At the start of the Ukraine conflict, CISA issued a “Shields Up” alert to all critical infrastructure in an effort to stave off potential cyber attacks from Russia. 6 months later, the proverbial “shields” are still up but is the U.S. critical infrastructure more secure because of it?

I was wondering if I should have more security than I have being a manufacturing and industrial site. Indeed I saw a sharp peak of hits from Russia and Ukraine at the outset of the war. But it was only a blip. But what if I weren’t a media site but a critical infrastructure site?

Security information comes at me faster than to my friend Greg Hale who specializes on the subject at Industrial Safety and Security Source. Recently I talked with Ron Fabela, CTO of critical infrastructure cybersecurity firm, SynSaber. This company is working directly with operators across oil & gas, electric, water infrastructure and nuclear to maintain a “Shields Up” posture.

More than six months has passed since the initial flurry of war and increased cyber attacks in the US. I wondered what the state of “Shields Up” was these days. Have we kept up the urgency? Or have we learned to live with it?

Rob suggested that astute executives should have used the directives to get some much needed budget. He pointed out that one cannot sustain a high alert indefinitely. And that IT and security executives should not over hype the situation. Still, when attention is suddenly focused on a risk area, it makes sense to lay a plan and ask for budget to implement strategies. Plus, sometimes the government brings money with its directives, something that is always a big help.

Expanding on the topic, like its peers, SynSaber initiated a study to discover what reported Common Vulnerabilities and Exposures (CVEs) could tell us from the 681 CVEs reported via the Cybersecurity and Infrastructure Security Agency (CISA) ICS Advisories in the first half of 2022.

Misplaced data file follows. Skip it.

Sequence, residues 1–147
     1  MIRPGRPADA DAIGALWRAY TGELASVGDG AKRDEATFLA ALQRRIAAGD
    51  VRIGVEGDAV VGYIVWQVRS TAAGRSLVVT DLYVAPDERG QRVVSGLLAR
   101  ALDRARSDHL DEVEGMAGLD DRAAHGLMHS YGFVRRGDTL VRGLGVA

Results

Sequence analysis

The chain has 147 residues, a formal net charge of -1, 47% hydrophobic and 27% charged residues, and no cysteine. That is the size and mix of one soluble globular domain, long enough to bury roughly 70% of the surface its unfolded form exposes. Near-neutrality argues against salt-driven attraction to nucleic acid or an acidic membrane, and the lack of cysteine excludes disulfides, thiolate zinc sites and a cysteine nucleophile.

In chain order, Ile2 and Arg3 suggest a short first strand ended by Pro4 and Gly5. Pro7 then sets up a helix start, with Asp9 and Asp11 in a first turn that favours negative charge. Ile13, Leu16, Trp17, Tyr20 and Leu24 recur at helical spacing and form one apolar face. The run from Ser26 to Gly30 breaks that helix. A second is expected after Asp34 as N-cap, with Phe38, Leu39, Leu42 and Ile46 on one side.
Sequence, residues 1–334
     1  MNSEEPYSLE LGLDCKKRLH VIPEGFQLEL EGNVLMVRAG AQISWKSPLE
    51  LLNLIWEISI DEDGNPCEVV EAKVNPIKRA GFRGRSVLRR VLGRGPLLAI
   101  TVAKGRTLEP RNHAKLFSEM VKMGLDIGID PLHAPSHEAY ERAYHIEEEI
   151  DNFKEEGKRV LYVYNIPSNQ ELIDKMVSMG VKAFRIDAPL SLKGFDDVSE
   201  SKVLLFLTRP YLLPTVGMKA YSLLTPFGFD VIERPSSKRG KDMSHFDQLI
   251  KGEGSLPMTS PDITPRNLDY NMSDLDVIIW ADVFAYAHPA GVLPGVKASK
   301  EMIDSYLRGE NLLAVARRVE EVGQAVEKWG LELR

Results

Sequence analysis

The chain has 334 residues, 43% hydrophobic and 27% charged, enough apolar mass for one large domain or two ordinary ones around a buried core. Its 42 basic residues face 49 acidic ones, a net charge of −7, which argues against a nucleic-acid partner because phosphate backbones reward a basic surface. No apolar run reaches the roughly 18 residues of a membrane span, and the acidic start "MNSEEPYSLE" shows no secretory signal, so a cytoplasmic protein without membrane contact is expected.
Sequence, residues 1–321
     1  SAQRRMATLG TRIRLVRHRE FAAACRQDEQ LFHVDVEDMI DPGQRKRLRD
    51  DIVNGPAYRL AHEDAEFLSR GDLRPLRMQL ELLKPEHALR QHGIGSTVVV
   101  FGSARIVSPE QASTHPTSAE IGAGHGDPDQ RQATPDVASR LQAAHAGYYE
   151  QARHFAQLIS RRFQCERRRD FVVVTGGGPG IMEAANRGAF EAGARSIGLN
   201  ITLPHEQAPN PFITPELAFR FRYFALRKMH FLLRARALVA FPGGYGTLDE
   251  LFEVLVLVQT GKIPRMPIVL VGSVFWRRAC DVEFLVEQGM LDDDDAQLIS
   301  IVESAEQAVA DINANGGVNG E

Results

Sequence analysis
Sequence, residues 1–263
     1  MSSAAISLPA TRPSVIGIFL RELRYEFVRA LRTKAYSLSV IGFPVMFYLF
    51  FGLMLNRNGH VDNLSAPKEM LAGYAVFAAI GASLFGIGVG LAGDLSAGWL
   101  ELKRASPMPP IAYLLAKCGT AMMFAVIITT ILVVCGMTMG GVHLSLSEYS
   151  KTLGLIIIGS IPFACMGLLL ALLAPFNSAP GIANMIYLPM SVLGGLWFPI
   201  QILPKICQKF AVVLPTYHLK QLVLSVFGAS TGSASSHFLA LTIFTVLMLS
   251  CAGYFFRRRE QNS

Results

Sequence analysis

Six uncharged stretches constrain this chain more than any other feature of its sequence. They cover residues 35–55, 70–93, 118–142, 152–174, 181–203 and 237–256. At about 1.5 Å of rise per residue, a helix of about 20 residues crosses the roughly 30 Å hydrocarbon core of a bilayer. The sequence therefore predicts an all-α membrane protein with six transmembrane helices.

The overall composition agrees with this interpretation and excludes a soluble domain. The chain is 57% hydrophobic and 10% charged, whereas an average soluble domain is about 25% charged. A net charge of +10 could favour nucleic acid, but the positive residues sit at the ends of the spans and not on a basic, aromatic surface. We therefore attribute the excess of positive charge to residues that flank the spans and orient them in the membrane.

Breaking up the reported CVEs into remediation categories (i.e., can it be patched with software, a firmware update, or something more complex requiring protocol or whole system changes) or taking a look at attack vector requirements can provide critical insights for teams to assess these and future CVEs as they are reported.

We hope that by analyzing and counting these vulnerabilities with new methods, this context can be used by all industrial security teams to better understand and remediate future vulnerabilities.

Key Findings

● For the CVEs reported in 2022, 13% have no patch or remediation currently available from the vendor (and 34% require a firmware update)

● While 56% of the CVEs have been reported by the Original Equipment Manufacturer (OEM), 42% have been submitted by security vendors and independent researchers (remaining 2% were reported directly by an asset owner and a government CERT)

● 23% of the CVEs require local or physical access to the system in order to exploit

● Of the CVEs reported thus far in 2022, 41% can and should be prioritized and addressed first (with organization and vendor planning)

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